[s]ince every perception is distinguishable from every other, there is no contradiction involved in supposing, of some particular perception, that it exists separately from every other perception which belongs to the same bundle. For a perception to be perceived or felt is just for it to be present to a mind, but since according to Hume a mind is nothing but a bundle or collection of perceptions, it is possible for a perception to exist independently of any mind, and therefore possible for it to exist unperceived. (Stroud 2005, 107)
According to Stroud’s reading, for Hume the mind is a bundle or collection of perceptions. There are perceptions which belong to different minds and even perceptions which belong to no mind at all. Hume indeed says as much when he asserts that all perceptions “are different, and distinguishable, and separable from each other, and may be separately consider’d, and may exist separately, and have no need of any thing to support their existence” (Hume 2010, 252). One mind, or the self, is therefore no more or less than a specific, independent set, bundle or collection of different perceptions which are bound together by something which distinguishes them from other specific, independent sets of perceptions. Fifteen perceptions, for example, exist separately.
There is something that makes us say, for instance, that five of those perceptions belong to mind A, three to mind B, two to mind C and five to no mind at all. The difficulty lies thus in finding out what this “something” is. Hume argues that it is memory:
(…) the memory not only discovers the identity, but also contributes to its production, by producing the relation of resemblance among the perceptions. (Hume 2010, 261)
As memory alone acquaints us with the continuance and extent of this succession of perceptions, ‘tis to be consider’d, upon that account chiefly, as the source of personal identity. Had we no memory, we never shou’d have any notion of causation, nor consequently of that chain of causes and effects, which constitute our self or person. But having once acquired this notion of causation from the memory, we can extend the same chain of causes, and consequently the identity of our persons beyond our memory, and can comprehend times, and circumstances, and actions, which we have entirely forgot, but suppose in general to have existed. (Hume 2010, 261-262)
(…) memory does not so much produce as discover personal identity, by shewing us the relation of cause and effect among our different perceptions. (Hume 2010, 262)
The first of these passages establishes the role of memory for the relation of resemblance, the other two for the relation of causation. Memory plays no role for the relation of contiguity as the latter must be dropped in this circumstance, although Hume does not explain why (Hume 2010, 260). As far as the relation of resemblance is concerned, memory is fundamental, as it is both responsible for the discovery of identity and for the production of the relation of resemblance among the perceptions. As for the relation of causation, memory is no less fundamental, as effects are perceived as coming from causes, and causes as originating effects, simply due to the fact that human beings can remember past successions of perceptions, thus being enabled to perceive the relation of causation amongst different perceptions. The self is thus constituted by a bundle of perceptions which a single mind perceives and are united together because the mind remembers successions of perceptions which have occurred in the past; it is memory that establishes resemblance and causation among perceptions which otherwise would go unperceived and therefore would belong to no mind at all. Memory is the “something” that binds different, independent perceptions, and makes them part of the same bundle, that is, of the same mind.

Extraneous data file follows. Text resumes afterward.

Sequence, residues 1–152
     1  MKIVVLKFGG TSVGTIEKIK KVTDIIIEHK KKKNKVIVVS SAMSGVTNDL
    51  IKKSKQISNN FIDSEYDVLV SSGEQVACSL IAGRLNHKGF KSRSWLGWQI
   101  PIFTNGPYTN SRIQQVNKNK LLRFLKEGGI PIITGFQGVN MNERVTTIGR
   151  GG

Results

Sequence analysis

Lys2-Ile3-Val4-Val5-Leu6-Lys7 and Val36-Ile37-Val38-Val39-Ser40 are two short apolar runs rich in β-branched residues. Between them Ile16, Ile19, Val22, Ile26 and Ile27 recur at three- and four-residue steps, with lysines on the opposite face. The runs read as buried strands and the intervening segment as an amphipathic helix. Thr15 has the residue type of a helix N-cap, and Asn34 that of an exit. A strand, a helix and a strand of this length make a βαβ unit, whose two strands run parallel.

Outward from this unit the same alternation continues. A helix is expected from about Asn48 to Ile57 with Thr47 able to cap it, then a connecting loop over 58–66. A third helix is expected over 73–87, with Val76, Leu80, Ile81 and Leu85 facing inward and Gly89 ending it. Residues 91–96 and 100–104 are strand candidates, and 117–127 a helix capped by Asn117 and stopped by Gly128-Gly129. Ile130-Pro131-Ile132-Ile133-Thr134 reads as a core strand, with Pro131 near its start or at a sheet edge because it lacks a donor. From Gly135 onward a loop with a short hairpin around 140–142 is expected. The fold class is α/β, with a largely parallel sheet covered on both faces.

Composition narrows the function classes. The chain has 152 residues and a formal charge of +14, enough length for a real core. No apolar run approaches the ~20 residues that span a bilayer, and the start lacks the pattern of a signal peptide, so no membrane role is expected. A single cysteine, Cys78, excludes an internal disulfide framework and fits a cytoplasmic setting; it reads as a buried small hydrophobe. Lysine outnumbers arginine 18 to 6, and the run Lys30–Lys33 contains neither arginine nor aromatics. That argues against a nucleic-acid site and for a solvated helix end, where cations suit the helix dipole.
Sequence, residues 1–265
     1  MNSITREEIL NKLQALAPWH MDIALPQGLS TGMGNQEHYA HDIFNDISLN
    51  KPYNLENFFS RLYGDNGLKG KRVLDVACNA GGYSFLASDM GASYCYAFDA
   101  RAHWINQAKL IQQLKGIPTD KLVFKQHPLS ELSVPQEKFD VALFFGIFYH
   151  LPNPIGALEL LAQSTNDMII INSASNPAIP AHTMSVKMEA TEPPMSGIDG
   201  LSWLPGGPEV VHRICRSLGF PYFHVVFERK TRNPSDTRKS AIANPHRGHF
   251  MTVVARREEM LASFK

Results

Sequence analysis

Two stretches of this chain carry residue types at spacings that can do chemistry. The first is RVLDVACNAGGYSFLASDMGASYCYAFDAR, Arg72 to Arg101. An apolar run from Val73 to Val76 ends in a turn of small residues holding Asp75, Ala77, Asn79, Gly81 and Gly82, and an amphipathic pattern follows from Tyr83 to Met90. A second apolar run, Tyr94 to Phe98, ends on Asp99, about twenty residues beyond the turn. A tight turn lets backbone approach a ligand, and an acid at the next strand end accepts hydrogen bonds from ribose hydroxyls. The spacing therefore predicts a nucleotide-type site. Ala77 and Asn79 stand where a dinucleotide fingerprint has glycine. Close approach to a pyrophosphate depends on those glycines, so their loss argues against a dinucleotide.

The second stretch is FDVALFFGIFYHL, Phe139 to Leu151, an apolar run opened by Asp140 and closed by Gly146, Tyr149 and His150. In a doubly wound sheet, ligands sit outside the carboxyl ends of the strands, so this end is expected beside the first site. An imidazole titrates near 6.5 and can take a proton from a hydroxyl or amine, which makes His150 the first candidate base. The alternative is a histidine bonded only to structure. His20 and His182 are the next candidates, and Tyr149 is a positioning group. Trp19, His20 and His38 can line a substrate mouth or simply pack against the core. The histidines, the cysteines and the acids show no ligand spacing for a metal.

Here the similarities between Hume’s and Freud’s ideas start to become more and more apparent. For Hume, the mind is a bundle of perceptions bound together by memory; for Freud, the mind is an apparatus “whose parts we shall call agencies or, to put it more concretely, systems” (Freud 2008, 350). These systems are in “a firm sequence [which] can be set up by establishing that in certain psychical processes the systems go through a definite temporal sequence in their arousal,” which makes it necessary to “ascribe to the apparatus one sensory and one motor end.” In the former there is “a system [which] is located for receiving our sense-perceptions,” whereas in the latter “there is another [system] which opens the floodgates to motor activity” (Freud 2008, 350). Both Hume and Freud assert that perceptions are a necessary condition of human beings’ having ideas; both authors also ascribe to memory an essential role in the process of idea formation. As Freud says,
[a] trace of the perceptions impinging upon us remains in our psychical apparatus, and this we can call a “memory-trace”. Indeed, we call the function relating to this memory-trace our “memory”. If we are serious about intending to link psychical processes to systems, then the memory-trace can only consist in permanent alterations to the elements of the systems. (Freud 2008, 351)
It seems to me that there is a strong resemblance between Freud’s “memory-trace” and Hume’s explanation according to which “ideas are preceded by other more lively perceptions, from which they are derived, and which they represent” (Hume 2010, 22). Ideas are therefore less lively in the mind than impressions because the former are derived from memory, whereas the latter come directly from the senses. This seems to imply that for Hume there are memories of impressions, which makes it possible for ideas to originate, but the impressions themselves do not have memory. This is exactly what Freud argues as well:
We assume that an outermost system of the apparatus is the receptor for the perceptual stimuli, but that it does not retain anything of them, that is, it has no memory; we assume too that behind this system there is a second one that transforms the momentary excitation of the first into permanent traces. (Freud 2008, 351)
As I said in the introduction, it is obvious Hume’s theory of the self and Freud’s theory of mental activity are not the same; it is equally obvious Freud’s theory is much more complex than Hume’s, as it traces divisions in the mind, which, as Freud correctly points out, do not correspond to “a real spatial arrangement for the psychical systems” (Freud 2008, 350). Despite all these differences, what is nevertheless uncanny — because Freud never quotes Hume or otherwise acknowledges his work — is Freud’s reliance on something which is the tenet of Hume’s philosophy of the mind, the process of “association”: